Sedimentary Processes, Source Areas, Diastrophic Background, and Landscapes

By way of summarizing the conclusions drawn from a petrographic study of the Permian redbeds of Kansas, it may be enlightening to compare, point by point, the general characteristics of the Kansas redbeds with the Triassic redbeds of Connecticut as described by Krynine (1950). The comparison is shown in Table 8.

Table 8--Comparison of post-Wellington Permian of Kansas with Triassic of Connecticut

Feature Triassic of Connecticut* Post-Wellington Permian
of Kansas
Tectonic arkose Tectonic arkose, plus second-cycle orthoquartzite
Prism Thin blankets
from source
Adjacent Several hundred miles
Thickness More than 15,000 feet About 2,000 feet
Coarse arkosic sandstones and conglomerates; siltstones, red and black shales, very subordinate ilmestones Very fine feldspathic sandstones, siltstones, and shales (chiefly red); many thin, persistent dolomites, limestones, gypsum beds
Coarse-grained arkosic detritus Fine-grained feldspathic sand and silt (chiefly red)
Fine-grained detrital clayey matrix (red or black) Clayey matrix, largely authigenic, chiefly red
Carbonate cement (chiefly calcite) Carbonates and sulfates (chiefly dolomite and gypsum)
Salt in subsurface
Types of
Channel, lacustrine, floodplain; limited extent.
Continental piedmont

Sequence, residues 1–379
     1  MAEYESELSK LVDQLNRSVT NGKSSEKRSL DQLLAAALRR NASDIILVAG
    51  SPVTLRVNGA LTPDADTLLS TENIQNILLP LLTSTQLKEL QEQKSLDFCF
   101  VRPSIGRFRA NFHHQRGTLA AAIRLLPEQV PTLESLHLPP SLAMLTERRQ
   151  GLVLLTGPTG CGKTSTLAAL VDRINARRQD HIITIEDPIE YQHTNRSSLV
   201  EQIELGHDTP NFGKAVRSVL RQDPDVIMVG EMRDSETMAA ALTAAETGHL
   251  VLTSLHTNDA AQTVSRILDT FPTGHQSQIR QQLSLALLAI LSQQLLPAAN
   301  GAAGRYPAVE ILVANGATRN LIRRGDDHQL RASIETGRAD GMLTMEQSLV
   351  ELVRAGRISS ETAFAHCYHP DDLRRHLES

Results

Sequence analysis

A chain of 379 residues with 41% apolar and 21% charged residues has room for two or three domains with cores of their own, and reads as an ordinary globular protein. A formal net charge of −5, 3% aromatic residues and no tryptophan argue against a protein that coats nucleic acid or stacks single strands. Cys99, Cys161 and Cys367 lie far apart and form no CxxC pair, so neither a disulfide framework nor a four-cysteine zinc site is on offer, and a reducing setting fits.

No obvious channels. Very extensive thin beds; some problematical floodplain.
Chiefly restricted marine
Source of carbonates, etc. Post-diagenetic circulating solutions due to structural activity
Waters of lakes and swamps
Water in which sediments were deposited
Abundant and varied: up to 7.7 percent heavy minerals Sparse; less than 1 percent heavy minerals
Evaporites Infrequent casts of soluble salts Abundant salt casts; dolomite, gypsum, anhydrite, and halite beds
Fossils Wood throughout entire section; other plant remains common. Abundant reptilian tracks; fish in black shales Brine shrimp in lower part of section. No tracks reported in Kansas
Kaolinite, gibbsite, sericite-illite Illite, chlorite, some montmorillonite
of iron
Variegated. Grain coatings, and also concretions similar to those of soils (indicating subaerial weathering); 52 percent red rocks Uniformly distributed as coatings, except where re-duced; 87 percent red rocks
Desiccation marks and other structures Mud cracks, rain prints, tracks; very common Mud cracks common in some parts of section. Ripple marks and noneolian cross bedding common. No post-Wellington rain prints observed
Climate Hot and humid at source and probably also at site of deposition Hot and humid at source; probably dry at site of deposition